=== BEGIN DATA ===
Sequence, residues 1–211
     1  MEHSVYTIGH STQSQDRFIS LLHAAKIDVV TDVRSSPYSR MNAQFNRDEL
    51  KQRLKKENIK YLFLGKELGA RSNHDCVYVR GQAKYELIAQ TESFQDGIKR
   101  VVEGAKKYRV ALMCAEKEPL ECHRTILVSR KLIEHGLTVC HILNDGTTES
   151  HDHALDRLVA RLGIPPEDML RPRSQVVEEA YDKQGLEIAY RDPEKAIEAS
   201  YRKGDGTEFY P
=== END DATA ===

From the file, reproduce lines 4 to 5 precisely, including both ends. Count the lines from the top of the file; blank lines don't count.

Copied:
   101  VVEGAKKYRV ALMCAEKEPL ECHRTILVSR KLIEHGLTVC HILNDGTTES
   151  HDHALDRLVA RLGIPPEDML RPRSQVVEEA YDKQGLEIAY RDPEKAIEAS